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Tuesday, April 20, 2021
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The best commercials from Super Bowl LV

More than 96 million people viewed the nation’s most-watched program

Ranging from hilarious to heartbreaking, Super Bowl ads came in an array of genres, as companies did their best to make a lasting impression on the 96.4 million people watching the Big Game.
Ranging from hilarious to heartbreaking, Super Bowl ads came in an array of genres, as companies did their best to make a lasting impression on the 96.4 million people watching the Big Game.

Ah… the Super Bowl. Quality football, tasty snacks and commercials.

Lots and lots of commercials.

Even in a year when major companies like Budweiser, Coke and Pepsi pulled their ads, many businesses — from Jeep to TikTok — spent an estimated $5.5 million for every 30 seconds of air time.

Ranging from hilarious to heartbreaking, these advertisements came in an array of genres, as companies did their best to make a lasting impression on the 96.4 million people watching the Big Game.

Some were successful; others were not. All featured elaborate stunts, big-name celebrities and major budgets.

But with that in mind, what better way to recap last night than by highlighting the game’s best commercials?

T-Mobile, ft. Tom Brady and Rob Gronkowski

First, a little backstory.

T-Mobile shot three ads ahead of the Super Bowl. It had planned on running two of them. But the company was told it couldn’t run this one because of a protected rights deal with Verizon   — the NFL’s official telco sponsor.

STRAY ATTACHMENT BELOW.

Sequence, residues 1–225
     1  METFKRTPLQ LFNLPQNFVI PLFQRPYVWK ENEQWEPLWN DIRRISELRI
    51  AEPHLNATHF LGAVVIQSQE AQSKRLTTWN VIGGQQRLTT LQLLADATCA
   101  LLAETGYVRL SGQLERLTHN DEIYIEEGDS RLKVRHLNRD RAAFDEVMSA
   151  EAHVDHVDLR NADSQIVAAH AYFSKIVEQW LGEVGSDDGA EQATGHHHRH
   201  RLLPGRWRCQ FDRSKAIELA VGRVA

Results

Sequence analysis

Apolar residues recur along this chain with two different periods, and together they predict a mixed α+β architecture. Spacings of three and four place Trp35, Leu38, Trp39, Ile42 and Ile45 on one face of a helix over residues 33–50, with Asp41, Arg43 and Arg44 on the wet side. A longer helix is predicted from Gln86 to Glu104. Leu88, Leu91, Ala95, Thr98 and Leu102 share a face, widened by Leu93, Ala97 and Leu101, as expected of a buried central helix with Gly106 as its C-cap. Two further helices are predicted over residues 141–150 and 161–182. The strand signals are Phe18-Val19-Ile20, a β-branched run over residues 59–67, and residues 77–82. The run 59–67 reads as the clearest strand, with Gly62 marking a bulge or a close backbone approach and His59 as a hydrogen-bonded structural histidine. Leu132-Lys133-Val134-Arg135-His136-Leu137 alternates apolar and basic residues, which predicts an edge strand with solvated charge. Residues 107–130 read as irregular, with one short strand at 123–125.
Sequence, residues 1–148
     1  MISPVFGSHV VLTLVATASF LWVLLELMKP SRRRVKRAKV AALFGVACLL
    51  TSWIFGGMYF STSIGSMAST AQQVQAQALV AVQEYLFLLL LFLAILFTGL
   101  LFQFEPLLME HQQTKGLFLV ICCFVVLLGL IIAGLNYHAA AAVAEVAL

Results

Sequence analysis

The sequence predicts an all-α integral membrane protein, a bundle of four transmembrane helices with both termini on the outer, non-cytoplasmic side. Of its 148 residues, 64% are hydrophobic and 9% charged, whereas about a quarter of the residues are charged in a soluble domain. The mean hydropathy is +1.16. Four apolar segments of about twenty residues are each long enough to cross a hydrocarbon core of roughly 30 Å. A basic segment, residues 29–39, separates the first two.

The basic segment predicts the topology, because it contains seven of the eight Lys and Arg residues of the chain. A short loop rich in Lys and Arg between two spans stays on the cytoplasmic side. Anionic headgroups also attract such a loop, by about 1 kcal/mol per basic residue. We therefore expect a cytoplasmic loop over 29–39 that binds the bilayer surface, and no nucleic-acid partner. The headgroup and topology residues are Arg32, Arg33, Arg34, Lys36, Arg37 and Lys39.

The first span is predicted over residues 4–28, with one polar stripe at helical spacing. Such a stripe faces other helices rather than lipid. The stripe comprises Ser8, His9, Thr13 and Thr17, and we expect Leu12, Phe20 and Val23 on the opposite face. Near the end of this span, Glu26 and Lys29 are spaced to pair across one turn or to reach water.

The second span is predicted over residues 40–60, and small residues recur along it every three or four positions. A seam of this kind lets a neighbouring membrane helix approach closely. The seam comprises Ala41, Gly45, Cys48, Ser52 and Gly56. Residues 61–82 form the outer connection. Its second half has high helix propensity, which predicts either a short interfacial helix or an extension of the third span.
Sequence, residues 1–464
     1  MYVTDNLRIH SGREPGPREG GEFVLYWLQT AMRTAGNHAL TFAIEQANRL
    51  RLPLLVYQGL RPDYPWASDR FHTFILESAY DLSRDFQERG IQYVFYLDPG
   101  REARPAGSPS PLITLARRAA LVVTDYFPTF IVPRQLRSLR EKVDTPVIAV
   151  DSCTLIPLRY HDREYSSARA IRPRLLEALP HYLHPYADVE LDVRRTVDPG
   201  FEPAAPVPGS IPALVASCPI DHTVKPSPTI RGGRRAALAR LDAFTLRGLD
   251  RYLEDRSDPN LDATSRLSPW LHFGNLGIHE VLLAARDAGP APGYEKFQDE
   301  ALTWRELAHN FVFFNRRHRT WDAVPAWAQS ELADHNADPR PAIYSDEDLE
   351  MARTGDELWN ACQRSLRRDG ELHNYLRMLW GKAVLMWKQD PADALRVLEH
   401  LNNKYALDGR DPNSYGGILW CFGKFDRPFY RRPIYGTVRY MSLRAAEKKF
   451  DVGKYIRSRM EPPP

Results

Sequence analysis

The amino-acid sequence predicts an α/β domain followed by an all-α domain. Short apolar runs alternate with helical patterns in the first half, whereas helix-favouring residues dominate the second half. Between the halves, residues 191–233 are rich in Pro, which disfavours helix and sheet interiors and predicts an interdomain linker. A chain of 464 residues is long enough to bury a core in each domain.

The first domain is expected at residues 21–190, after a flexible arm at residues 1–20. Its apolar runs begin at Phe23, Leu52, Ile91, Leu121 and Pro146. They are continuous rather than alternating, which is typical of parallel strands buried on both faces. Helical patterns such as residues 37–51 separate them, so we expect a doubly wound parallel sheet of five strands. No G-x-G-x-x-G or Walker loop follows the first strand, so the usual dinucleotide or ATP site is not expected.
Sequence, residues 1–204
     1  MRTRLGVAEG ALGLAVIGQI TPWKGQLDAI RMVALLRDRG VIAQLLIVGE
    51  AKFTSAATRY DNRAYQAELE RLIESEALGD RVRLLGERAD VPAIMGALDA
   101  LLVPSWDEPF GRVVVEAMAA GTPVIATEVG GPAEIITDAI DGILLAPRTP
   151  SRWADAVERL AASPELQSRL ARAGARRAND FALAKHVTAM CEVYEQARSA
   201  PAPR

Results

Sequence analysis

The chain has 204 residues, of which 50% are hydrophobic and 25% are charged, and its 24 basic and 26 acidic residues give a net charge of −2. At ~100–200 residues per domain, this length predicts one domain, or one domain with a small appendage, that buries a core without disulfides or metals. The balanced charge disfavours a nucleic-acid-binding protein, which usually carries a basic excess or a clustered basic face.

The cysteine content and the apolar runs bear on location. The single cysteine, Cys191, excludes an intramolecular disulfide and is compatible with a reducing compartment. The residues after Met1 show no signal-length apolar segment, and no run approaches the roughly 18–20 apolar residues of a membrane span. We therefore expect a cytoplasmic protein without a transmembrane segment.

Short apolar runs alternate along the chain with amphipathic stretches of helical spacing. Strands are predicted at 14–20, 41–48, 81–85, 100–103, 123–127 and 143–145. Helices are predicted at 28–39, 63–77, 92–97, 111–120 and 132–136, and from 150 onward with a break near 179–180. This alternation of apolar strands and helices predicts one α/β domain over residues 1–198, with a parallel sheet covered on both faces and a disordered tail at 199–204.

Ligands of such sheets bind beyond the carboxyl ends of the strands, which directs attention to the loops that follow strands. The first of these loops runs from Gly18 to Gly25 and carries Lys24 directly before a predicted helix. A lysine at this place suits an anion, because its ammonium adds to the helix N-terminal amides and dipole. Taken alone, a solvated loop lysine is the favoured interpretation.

So this ad never actually aired during the Big Game. It only ran on YouTube, to the tune of more than 33 million viewers.

For those wondering how Tom Brady made the decision to join Tampa Bay, T-Mobile has an interesting theory that is sure to bring out a laugh.

Due to a bad connection (from a provider that is clearly not T-Mobile), Brady mistakes former Patriots teammate Rob Gronkowski’s encouragement to retire as a taunt to come play for Tampa Bay, leading to the reunion of the two.

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NFL, ft. Russ Hutchison

Would it really be the Super Bowl if there wasn’t a commercial starring the trophy’s namesake?

Featuring a virtual-reality portrayal of legendary Green Bay Packers coach Vince Lombardi, the NFL treated viewers to a montage of football players and everyday people from around the world playing catch over the sound of Lombardi’s famous “As One” comeback speech.

The commercial even displayed front-line medical workers and families spending time together.

With actor Russ Hutchison acting as Lombardi, the ad aimed to show how football can bring people together. 

Throughout the ad, it is clear that the half-century-old speech is more timely than ever, reminding folks that they can do anything they set their minds to and acting as a beacon of hope that things will only get better.

Cheetos, ft. Mila Kunis & Ashton Kutcher

This ad features a surprising Cheetos-inspired rendition of Shaggy’s “It Wasn’t Me”, where the musician teaches Family Guy star Mila Kunis how to get away with eating the bag of Cheetos Crunch Pop Mix that belongs to her boyfriend, Ashton Kutcher.

What ensues is a cute and funny montage of Kunis mastering her new craft, much to Shaggy’s approval.

Reddit

Reddit’s commercial was one of the most publicized ads on Sunday night, after the company treated viewers to a five-second clip.

Many people missed it, but those who caught the ad found something thought-provoking and inspiring.

“If you’re reading this, it means our bet paid off,” the producers wrote in the clip. “Big game spots are expensive, so we couldn’t buy a full one. But we were inspired and decided to spend our entire marketing budget on five seconds of airtime.”

Blink and you’d miss it, viewers were treated to a short paragraph about how Reddit has learned that “underdogs can accomplish just about anything when they come together around a common idea.”

In a year that has seen Reddit prop up GameStop and alter the landscape of the stock market, the company eagerly — albeit quickly —  displayed its hopes for a brighter future.

Alex Falter is the assistant arts editor and can be reached at alex.falter@ubspectrum.com

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